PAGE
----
You can share members at multiple generations in the outline. In Figure 90, Shared Members in the Sample.Basic Database, Diet Cola is shared by two members at generation 2 in the outline, but it can be shared by a member at generation 3 and a member at generation 4, as shown in Figure 95, Sample Outline: Members Shared at Different Generations.

Creating shared members at different generations in the outline is easy in Outline Editor; creating shared members using dimension build is more difficult. You must pick the build method and format the data source carefully.

The following sections describe how to build shared members in the outline by using a data source and a rules file.

Note:

You should not create an outline in which a shared member is located before the actual member with which it is associated. If you do this, you will encounter an error while validating the outline. However, during a dimension build, you can select an option in the Dimension Build Settings–Dimension Build Settings Tab to have Essbase fix the error by making the top-most shared member the primary member and the former primary member a shared member. See the Oracle Essbase Administration Services Online Help.

Sharing Members at the Same Generation

Members that are shared at the same generation roll up into the same branch. 100-20 (Diet Cola) is shared by two parents (100 and Diet). Both parents roll up into the same branch (the Product dimension), and both parents are at generation 2, as shown in Figure 91, Sample Outline: Members Shared at the Same Generation:

Figure 91. Sample Outline: Members Shared at the Same Generation

This image shows members shared at the same generation, as described in the text preceding the image.

Sharing members at the same generation is the simplest way to share members, and can be accomplished using generation, level, or parent-child references. See:

Sample data source and rules files are provided for each build method. The result for each build method is shown in Figure 91, Sample Outline: Members Shared at the Same Generation.

Using Generation References to Create Same Generation Shared Members

To create shared member parents at the same generation by using the generation references build method, define the field type for the parent of the shared members as DUPGEN. A duplicate generation is a generation with shared members for children. Use the same GEN number as the primary member.

For example, to create the Diet parent and share members 100-20, 200-20, 300-20, and 400-20, use the sample data source file (SHGENREF.TXT) and set up the rules file so that the fields look like the sample rules file (SHGENREF.RUL) shown in Figure 92, Sample Rules File: Members Shared at the Same Generation Using Generation References. 100 is the Cola family, 200 is the Root Beer family, 300 is the Cream Soda family, and -20 appended to the family name (for example, 100–20) indicates a diet version of the soda.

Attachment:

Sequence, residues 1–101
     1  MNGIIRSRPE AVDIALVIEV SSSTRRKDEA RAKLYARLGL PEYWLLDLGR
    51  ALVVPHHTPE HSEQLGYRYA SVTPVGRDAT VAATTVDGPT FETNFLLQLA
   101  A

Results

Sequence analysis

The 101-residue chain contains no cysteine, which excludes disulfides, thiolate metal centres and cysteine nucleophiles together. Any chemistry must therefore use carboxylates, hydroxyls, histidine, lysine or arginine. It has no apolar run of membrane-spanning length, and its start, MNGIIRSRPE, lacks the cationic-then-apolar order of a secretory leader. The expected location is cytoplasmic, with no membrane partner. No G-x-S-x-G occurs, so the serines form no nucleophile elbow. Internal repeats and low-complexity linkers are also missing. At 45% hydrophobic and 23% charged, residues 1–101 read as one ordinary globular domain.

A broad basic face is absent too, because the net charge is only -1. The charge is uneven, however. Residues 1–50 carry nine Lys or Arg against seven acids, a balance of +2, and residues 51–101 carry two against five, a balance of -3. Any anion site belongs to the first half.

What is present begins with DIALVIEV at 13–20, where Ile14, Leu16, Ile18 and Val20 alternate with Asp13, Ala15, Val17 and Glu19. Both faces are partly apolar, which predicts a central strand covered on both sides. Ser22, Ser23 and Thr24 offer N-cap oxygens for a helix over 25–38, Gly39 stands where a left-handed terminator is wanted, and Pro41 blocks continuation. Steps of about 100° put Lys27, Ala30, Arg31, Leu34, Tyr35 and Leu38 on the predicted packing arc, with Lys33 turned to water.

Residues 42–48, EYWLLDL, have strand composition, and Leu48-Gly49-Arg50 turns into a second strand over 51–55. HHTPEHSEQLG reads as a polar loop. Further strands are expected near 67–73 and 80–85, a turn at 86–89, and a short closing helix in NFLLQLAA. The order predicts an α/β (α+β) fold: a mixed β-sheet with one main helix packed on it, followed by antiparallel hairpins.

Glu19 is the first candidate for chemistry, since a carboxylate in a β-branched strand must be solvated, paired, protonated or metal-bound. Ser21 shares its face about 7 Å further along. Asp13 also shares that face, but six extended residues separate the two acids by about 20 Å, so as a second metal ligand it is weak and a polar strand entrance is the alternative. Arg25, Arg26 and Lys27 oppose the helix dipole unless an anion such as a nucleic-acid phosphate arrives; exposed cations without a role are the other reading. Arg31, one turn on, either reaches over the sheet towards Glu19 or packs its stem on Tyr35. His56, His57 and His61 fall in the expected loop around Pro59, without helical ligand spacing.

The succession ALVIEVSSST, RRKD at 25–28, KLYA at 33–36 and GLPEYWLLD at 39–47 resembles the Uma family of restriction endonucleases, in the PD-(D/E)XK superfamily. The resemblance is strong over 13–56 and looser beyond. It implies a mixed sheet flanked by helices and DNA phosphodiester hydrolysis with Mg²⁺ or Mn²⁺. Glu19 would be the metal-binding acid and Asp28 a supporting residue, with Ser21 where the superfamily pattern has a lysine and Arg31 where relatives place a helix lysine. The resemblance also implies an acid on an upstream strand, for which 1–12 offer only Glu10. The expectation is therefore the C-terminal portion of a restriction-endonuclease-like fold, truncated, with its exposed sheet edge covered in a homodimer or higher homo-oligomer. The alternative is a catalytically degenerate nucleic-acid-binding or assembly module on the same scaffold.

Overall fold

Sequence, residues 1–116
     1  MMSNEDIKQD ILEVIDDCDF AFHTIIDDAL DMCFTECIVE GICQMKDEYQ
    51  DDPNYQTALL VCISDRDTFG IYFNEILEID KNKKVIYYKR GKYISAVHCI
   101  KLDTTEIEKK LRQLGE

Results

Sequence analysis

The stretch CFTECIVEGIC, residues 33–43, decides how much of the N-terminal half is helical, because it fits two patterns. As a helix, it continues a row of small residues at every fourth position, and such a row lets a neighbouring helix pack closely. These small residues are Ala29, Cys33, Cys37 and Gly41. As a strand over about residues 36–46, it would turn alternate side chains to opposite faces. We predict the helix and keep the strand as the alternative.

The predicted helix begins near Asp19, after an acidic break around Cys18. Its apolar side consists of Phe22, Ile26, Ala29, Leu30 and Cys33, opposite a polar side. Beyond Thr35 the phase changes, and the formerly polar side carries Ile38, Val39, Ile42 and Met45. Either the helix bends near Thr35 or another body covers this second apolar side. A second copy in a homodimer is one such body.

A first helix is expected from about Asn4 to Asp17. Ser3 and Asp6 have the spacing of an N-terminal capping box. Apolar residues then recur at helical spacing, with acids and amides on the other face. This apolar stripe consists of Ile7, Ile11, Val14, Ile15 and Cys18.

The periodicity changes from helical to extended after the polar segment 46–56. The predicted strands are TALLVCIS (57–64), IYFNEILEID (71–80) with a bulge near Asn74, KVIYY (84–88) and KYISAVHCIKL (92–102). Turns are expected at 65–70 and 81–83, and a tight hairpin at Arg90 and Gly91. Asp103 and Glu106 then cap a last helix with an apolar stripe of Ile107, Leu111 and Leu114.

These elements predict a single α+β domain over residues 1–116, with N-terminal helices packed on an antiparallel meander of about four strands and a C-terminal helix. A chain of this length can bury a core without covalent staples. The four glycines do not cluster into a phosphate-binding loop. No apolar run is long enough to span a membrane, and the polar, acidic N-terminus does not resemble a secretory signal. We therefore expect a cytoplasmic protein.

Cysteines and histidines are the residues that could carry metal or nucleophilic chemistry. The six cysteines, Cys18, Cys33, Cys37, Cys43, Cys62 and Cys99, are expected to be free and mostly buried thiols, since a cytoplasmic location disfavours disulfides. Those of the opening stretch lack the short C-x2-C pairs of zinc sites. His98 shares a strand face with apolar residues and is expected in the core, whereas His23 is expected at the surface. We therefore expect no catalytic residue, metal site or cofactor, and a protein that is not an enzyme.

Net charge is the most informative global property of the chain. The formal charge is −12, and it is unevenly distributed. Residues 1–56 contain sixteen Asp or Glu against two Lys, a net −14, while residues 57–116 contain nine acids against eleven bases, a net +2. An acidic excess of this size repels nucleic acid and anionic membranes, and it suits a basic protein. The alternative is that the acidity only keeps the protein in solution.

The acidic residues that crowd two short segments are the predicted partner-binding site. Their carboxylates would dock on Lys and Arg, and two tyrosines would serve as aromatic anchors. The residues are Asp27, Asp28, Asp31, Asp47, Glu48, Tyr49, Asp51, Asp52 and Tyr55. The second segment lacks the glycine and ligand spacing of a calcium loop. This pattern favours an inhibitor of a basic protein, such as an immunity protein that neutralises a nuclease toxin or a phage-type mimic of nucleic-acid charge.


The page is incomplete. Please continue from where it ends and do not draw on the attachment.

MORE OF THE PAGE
Figure 92. Sample Rules File: Members Shared at the Same Generation Using Generation References

This image illustrates a rules file for creating shared member parents at the same generation by using the generation references build method, as described in the text preceding the image.

Using Level References to Create Same Generation Shared Members

To create shared members of the same generation by using the level references build method, first ensure that the primary and any secondary roll-ups are specified in one record. You can specify as many secondary roll-ups as you want, as long as they are all in one record.

Define the field type for the shared member as LEVEL. Then enter the level number. To create a shared member of the same generation, set the level number of the secondary roll-up to have the same number of levels as the primary roll-up. While processing the data source, Essbase creates a parent at the specified level and inserts the shared members under it.

For example, to create the shared members 100-20 (Diet Cola), 200-20 (Diet Root Beer), 300-20 (Diet Cream Soda), and 400-20 (Diet Fruit Soda), use the sample data source file (SHLEV.TXT) and set up the rules file so that the fields look like the sample rules file (SHLEV.RUL) shown in Figure 93, Sample Rules File: Members Shared at the Same Generation Using Level References.

Figure 93. Sample Rules File: Members Shared at the Same Generation Using Level References

This image illustrates a rules file for creating shared members of the same generation by using the level references build method, as described in the text preceding the image.

Using Parent-Child References to Create Same Generation Shared Members

To create shared members of the same generation by using the parent-child references build method, define the PARENT and CHILD field types. Ensure that Essbase is set up to allow sharing (in the Dimension Build Settings tab of the Dimension Build Settings dialog box, clear the Do not share option). When sharing is enabled, Essbase automatically creates duplicate members under a new parent as shared members.

Figure 94. Sample Rules File: Members Shared at the Same Generation Using Parent-Child References

This image illustrates a rules file for creating shared members of the same generation by using the parent-child references build method, as described in the text preceding the image.

Sharing Members at Different Generations

Sometimes you want shared members to roll up into parents that are at different generations in the outline. For example, in Figure 95, Sample Outline: Members Shared at Different Generations, the shared members roll up into parents at generation 2 (Diet) and at generation 3 (TBC and Grandma’s). This outline assumes that TBC (The Beverage Company) buys some beverages from outside vendors: it buys 200-20 (Diet Root Beer) from a vendor named Grandma’s.

Figure 95. Sample Outline: Members Shared at Different Generations

This image shows members shared at different generations, as described in the text preceding the image.

Sharing members at different generations can be accomplished using level or parent-child references. See: